Palestine Plans and Counter-Plans
Despite the Paris Peace Conference and the German question, that main issue of the postwar world still looming unsettled in the background, the British public and press continue to be occupied with Palestine to a degree quite out of proportion to the real scale of the problem and of the country concerned. As front-page news, Palestine faintly resembles Trieste, another small place where interests are so intricately tangled that no settlement is yet in sight.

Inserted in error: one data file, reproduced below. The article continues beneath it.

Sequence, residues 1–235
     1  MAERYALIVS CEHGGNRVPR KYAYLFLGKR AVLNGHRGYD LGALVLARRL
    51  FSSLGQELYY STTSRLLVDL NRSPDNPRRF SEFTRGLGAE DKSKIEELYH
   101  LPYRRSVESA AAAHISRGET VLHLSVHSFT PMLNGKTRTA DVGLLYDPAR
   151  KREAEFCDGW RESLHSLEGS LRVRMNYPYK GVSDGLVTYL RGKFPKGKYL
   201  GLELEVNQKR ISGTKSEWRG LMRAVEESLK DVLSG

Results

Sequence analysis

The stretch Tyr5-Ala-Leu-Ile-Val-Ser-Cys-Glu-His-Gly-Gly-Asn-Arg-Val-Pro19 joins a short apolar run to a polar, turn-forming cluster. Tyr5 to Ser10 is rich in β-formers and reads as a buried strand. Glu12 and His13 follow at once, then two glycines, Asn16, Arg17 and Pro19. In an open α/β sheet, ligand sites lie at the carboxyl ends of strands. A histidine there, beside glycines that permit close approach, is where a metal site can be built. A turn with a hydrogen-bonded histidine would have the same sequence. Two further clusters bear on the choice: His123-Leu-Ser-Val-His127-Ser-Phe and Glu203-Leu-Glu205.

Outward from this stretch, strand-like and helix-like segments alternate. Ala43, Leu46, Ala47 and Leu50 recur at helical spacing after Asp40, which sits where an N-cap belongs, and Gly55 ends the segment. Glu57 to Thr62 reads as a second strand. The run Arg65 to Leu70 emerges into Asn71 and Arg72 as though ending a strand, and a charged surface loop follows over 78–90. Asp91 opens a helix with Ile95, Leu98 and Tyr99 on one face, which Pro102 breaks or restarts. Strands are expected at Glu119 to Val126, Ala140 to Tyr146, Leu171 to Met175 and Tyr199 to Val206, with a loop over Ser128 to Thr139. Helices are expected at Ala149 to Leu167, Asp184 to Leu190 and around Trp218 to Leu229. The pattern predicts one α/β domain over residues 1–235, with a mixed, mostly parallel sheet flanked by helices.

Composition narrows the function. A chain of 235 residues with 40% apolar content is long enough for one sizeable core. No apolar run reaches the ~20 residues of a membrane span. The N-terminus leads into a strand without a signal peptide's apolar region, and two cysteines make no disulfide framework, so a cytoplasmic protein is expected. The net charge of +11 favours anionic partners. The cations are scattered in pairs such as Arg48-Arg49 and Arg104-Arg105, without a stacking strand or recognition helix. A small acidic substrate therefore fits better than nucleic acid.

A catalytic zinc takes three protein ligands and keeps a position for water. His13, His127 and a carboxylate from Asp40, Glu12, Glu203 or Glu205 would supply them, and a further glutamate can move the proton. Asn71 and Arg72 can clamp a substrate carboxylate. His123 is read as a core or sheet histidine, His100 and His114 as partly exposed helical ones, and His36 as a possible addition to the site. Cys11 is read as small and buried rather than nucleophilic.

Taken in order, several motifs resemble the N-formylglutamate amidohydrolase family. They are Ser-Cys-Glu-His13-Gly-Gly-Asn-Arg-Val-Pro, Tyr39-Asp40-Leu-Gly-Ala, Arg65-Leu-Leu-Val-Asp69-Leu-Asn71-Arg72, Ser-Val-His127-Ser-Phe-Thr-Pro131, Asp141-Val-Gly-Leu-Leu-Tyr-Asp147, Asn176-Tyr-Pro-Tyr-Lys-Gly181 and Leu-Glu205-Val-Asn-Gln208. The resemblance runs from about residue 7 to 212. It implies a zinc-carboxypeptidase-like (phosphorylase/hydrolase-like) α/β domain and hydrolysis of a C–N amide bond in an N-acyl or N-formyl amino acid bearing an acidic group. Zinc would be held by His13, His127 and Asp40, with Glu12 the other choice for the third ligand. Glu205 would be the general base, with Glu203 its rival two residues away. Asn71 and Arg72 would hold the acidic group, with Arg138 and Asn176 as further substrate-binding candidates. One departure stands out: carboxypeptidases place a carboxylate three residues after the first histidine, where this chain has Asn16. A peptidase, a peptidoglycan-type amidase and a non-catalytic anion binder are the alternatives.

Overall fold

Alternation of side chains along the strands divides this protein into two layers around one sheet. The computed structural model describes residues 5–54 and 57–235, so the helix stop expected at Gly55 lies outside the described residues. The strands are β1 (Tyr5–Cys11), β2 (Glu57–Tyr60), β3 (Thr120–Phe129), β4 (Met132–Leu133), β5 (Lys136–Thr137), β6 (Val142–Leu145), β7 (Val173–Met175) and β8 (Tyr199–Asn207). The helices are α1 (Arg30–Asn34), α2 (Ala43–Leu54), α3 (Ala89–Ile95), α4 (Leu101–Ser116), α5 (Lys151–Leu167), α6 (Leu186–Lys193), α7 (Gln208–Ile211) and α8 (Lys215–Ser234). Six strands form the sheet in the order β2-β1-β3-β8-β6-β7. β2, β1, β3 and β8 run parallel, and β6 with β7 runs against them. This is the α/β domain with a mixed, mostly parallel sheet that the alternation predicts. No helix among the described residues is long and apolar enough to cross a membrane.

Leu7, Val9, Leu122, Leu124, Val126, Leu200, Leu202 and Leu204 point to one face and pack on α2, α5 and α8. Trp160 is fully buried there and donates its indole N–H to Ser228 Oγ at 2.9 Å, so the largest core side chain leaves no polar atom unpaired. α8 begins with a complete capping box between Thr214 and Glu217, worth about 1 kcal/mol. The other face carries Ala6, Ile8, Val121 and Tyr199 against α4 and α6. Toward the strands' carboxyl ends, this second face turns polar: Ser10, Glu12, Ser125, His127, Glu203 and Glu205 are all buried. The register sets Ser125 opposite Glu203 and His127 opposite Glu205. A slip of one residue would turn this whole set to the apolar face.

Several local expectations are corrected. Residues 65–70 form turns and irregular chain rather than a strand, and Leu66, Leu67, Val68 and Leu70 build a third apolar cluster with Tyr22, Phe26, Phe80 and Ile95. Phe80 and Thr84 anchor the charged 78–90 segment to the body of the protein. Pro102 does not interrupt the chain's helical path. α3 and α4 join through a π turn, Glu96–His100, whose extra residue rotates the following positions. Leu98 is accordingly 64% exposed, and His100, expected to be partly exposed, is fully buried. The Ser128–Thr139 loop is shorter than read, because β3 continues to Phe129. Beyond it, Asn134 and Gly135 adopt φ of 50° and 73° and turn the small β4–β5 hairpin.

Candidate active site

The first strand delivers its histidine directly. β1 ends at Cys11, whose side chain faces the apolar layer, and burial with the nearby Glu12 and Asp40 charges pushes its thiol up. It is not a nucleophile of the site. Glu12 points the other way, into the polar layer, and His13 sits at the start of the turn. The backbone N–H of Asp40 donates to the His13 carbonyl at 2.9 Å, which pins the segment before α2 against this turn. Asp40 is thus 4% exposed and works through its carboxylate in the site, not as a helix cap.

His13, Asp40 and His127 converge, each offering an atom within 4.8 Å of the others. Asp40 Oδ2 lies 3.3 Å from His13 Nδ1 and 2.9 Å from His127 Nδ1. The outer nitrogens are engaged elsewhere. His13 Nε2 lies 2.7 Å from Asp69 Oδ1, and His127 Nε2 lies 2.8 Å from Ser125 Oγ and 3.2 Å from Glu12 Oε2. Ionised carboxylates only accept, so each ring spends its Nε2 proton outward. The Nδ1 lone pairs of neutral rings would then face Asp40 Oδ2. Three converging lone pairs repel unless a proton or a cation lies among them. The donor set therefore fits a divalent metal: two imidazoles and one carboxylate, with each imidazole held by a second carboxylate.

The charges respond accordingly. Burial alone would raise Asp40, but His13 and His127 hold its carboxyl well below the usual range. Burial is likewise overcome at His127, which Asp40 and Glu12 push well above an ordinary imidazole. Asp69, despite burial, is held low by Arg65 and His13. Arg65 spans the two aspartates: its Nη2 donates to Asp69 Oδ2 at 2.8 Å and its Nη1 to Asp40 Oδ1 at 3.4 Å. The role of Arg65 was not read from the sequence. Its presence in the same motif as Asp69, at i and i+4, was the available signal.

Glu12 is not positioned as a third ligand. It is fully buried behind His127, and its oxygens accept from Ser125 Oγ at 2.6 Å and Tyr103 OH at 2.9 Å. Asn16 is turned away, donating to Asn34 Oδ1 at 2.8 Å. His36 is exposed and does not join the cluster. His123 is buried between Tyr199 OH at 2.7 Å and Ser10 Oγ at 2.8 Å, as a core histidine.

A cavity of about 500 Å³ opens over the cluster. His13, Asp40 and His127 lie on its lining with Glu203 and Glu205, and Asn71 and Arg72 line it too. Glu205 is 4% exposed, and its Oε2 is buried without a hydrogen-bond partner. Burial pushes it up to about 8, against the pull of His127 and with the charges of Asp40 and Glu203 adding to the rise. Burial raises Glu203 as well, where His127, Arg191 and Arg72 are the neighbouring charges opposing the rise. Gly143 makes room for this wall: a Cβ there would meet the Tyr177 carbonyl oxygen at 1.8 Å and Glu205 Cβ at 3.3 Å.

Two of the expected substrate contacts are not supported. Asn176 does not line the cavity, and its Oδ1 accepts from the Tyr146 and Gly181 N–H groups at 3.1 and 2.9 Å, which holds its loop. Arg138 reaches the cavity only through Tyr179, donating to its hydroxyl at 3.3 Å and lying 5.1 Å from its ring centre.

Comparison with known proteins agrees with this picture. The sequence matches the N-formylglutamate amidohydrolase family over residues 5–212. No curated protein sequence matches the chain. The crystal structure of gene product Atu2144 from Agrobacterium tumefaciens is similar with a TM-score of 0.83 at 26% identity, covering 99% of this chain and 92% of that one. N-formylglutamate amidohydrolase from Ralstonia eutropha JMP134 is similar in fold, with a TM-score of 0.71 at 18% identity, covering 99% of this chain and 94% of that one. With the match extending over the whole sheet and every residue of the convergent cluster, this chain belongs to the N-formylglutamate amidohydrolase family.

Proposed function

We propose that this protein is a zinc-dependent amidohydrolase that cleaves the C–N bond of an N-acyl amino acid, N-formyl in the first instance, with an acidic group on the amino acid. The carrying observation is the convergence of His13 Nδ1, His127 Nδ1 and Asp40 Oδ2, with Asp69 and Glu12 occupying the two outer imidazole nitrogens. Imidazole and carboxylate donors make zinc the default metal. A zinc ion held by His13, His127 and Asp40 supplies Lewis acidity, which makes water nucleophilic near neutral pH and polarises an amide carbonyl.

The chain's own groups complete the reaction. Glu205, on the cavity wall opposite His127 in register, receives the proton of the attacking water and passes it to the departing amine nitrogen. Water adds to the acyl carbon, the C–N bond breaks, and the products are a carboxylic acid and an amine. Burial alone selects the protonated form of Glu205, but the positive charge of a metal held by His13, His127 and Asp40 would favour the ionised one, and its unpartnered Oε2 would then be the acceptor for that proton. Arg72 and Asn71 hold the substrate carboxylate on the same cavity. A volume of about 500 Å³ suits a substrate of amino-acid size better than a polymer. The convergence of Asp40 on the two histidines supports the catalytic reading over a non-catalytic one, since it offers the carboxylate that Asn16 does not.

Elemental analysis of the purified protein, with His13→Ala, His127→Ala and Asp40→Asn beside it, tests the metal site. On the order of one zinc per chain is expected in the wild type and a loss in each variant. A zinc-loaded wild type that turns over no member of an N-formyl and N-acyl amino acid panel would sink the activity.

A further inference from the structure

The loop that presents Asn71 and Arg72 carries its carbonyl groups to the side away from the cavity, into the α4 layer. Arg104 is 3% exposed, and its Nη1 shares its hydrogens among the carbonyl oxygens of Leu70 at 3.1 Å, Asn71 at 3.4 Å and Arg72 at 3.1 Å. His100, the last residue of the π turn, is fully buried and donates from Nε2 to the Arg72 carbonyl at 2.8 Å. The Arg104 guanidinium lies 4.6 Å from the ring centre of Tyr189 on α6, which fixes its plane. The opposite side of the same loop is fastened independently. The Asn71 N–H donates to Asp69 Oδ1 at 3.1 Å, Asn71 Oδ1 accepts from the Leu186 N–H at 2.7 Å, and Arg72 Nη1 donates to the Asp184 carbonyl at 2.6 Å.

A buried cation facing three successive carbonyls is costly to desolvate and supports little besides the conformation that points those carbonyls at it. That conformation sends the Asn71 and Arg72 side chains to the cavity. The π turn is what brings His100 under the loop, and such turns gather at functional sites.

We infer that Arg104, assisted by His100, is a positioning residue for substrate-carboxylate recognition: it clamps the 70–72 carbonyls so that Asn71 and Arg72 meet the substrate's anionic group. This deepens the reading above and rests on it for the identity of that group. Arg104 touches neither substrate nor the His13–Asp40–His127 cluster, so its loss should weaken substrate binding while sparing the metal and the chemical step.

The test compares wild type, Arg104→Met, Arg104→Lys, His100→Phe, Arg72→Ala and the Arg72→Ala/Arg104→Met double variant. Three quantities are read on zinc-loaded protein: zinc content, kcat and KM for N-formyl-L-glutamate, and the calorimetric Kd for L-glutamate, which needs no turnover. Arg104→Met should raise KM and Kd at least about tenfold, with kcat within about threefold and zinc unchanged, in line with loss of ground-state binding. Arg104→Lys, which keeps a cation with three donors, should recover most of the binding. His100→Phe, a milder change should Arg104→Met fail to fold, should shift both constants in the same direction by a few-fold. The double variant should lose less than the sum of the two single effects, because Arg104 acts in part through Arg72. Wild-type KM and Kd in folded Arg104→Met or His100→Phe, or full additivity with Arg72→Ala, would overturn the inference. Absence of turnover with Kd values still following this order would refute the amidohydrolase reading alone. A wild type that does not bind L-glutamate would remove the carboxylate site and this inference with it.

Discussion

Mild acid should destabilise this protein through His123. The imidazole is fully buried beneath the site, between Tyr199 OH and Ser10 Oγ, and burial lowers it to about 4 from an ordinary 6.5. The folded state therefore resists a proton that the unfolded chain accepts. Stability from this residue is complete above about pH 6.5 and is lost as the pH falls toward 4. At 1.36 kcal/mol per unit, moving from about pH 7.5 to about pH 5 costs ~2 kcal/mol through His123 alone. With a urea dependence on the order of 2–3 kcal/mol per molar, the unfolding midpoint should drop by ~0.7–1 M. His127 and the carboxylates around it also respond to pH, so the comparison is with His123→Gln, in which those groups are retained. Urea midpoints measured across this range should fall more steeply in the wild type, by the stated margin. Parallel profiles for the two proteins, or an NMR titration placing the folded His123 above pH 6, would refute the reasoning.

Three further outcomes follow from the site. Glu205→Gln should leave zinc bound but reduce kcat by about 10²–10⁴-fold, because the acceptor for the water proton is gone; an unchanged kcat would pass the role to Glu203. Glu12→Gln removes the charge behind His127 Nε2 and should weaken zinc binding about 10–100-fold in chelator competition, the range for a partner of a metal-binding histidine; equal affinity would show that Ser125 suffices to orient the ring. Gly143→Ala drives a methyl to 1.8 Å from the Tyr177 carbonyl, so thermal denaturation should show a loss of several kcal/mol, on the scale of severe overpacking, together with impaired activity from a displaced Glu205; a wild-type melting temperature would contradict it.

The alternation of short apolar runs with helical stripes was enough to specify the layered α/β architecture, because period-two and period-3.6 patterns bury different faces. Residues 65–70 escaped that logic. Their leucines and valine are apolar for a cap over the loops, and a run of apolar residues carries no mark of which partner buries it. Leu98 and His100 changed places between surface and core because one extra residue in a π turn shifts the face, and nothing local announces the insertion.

In the present state of world politics, with two civilizations dividing the world into two halves, great importance must be attached to the border areas situated between them. In the struggle for “spheres of influence,” one of today’s key zones is the Middle East. Soviet Russia is using national minorities as pawns in her game, encouraging the Azerbaijanis, the Kurds, the Georgians, the Armenians, to fight for national independence. Following up her success in Persia, Russia now threatens the British oil interests in Southern Persia, with the next showdown scheduled for Turkey. Let us not forget that Constantinople was once the administrative center of the entire Middle East, just as Vienna was of the Danube basin. Now Russia stretches her hands out towards both. Control of the Middle East and of the Danube area would make her virtual heir both of the Austro-Hungarian and the Ottoman Turkish empires, which would upset the whole balance of power in Europe as well as the Middle East. As a result, Britain has now had to fall back on Disraeli’s 19th century policy of keeping Russia out of the Mediterranean at all costs—a policy that the United States, under present circumstances, is compelled to back.
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